Whatever happened to the summers of my youth? School’s end, the extended hours of daylight, more time to spend outdoors? While I still enjoy the extended hours of daylight, my appreciation is from behind a screen door. Summers used to be carefree. Now they’re hazardous to your health.
It’s hard to enjoy summer when you’re reminded of risks that come with warm weather. Can I possibly find the same pleasures when I feel I must take out my garbage wearing a hazmat suit?
Blame COVID-19, global warming or thinning of the ozone layer, but daring to walk outside unprotected feels like extreme risk-taking behavior. And the beach? A real downer. My inner child longs to run freely and build elaborate sand castles. But my outer older person threatens with more age spots and a trip to the dermatologist if I don’t remain under the umbrella. Among my beach equipment, I have lately included a tape measure to ensure that I’m six feet away from the nearest blanket. And mask-wearing does result in a weird sun tan.
As to applying sun protection, what’s the proper protocol? Do I dab sun block before or after skin moisturizer? If I apply moisturizer first, will that prevent my sun block from working? But if I apply sun block first, will that prevent my moisturizer from plumping my wrinkles? In any event, there are now two layers of lotion on my face before I add makeup. No wonder I walk around feeling like a stick of butter.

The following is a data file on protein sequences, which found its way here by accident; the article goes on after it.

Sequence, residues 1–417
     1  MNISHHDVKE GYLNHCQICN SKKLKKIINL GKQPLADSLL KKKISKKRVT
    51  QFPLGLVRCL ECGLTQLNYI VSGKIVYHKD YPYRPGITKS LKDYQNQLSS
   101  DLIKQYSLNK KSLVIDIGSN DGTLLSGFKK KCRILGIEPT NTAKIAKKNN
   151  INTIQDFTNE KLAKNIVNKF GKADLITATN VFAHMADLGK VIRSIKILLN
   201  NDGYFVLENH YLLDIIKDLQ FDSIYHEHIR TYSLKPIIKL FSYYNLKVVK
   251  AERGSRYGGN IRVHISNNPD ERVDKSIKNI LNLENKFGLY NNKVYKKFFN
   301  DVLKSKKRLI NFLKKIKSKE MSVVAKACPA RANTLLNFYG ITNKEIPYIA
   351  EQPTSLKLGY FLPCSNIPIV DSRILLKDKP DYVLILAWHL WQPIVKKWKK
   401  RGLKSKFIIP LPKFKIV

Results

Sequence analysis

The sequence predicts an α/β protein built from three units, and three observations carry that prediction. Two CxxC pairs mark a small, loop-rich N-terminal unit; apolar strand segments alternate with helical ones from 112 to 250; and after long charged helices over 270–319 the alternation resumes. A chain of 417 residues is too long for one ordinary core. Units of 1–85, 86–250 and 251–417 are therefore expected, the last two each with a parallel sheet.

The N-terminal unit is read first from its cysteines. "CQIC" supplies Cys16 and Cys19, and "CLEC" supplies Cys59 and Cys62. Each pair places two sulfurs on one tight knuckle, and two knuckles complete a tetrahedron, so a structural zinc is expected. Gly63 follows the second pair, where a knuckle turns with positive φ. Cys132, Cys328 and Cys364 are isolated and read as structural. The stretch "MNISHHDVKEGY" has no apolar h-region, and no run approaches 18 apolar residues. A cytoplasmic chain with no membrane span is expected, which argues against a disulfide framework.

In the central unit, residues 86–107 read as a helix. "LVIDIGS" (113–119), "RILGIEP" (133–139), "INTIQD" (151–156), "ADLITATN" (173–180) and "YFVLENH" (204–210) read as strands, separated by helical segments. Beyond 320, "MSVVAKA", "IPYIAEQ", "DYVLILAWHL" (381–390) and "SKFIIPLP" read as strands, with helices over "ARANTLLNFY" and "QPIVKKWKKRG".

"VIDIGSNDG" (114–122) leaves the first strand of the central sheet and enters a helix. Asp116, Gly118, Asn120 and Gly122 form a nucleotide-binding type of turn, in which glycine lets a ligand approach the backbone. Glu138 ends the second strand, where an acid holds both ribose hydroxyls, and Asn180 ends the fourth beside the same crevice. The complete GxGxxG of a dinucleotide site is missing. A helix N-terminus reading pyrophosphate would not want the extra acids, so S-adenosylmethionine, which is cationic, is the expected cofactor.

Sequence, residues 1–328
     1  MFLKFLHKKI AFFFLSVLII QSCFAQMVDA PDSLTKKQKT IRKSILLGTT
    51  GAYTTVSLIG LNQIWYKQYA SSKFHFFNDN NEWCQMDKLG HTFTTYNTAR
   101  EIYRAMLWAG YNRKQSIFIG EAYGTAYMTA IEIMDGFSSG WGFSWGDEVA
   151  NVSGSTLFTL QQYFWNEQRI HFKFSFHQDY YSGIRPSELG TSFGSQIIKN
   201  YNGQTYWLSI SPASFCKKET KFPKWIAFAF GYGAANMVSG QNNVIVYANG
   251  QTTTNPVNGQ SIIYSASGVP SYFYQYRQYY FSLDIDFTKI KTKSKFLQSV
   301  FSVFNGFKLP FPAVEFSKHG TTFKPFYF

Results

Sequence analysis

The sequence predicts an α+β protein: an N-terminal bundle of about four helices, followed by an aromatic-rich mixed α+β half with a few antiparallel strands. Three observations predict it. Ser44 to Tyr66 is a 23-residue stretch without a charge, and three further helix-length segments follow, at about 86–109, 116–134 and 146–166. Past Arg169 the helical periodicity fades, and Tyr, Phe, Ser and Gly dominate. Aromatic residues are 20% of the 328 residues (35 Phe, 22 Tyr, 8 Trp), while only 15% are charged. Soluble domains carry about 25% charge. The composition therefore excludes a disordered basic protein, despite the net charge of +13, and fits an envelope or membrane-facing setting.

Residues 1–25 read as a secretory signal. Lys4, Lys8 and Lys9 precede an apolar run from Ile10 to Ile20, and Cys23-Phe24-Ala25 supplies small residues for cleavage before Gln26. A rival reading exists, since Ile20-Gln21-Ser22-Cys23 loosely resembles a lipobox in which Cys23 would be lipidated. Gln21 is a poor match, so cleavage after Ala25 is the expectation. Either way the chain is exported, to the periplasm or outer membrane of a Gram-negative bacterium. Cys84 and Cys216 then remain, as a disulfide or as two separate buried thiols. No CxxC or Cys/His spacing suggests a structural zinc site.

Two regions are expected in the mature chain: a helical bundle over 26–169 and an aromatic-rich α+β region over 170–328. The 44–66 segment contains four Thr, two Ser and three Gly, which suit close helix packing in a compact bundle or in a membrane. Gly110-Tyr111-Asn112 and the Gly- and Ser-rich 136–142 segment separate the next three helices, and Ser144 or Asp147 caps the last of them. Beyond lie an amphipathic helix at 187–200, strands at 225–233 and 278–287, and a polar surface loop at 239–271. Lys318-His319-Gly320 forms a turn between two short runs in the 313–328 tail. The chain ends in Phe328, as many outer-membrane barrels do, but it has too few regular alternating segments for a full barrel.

Remember when mosquito bites were simply that? Annoying little itchy bumps that subsided in a couple of days? Now there’s the Zika virus. I’ve been warned to cover up and use insect repellent. Do I spray this on before or after the sun block and skin moisturizer? One expert suggested wearing mosquito netting over our faces. Why not? It’s the perfect accessory for the COVID-19 mask.
In the good old summertime, who ever heard of ticks? Ticks were a sound made by my grandfather’s pocket watch. But I must also cover and spray to prevent Lyme disease. So that’s me, in 90 degree weather, walking my dog, dressed like I’m ready for skiing.
But as I watch my grandchildren from said screened porch thoroughly enjoying their summer, and their mother chasing them with a tube of sun block, another thought occurs. Summer hasn’t changed. I have. Summer always had its perils, but to be concerned about them was the responsibility of adults. I can recall my mother’s hesitance to venture out from under the umbrella. Today, that shade-seeking grown-up is me.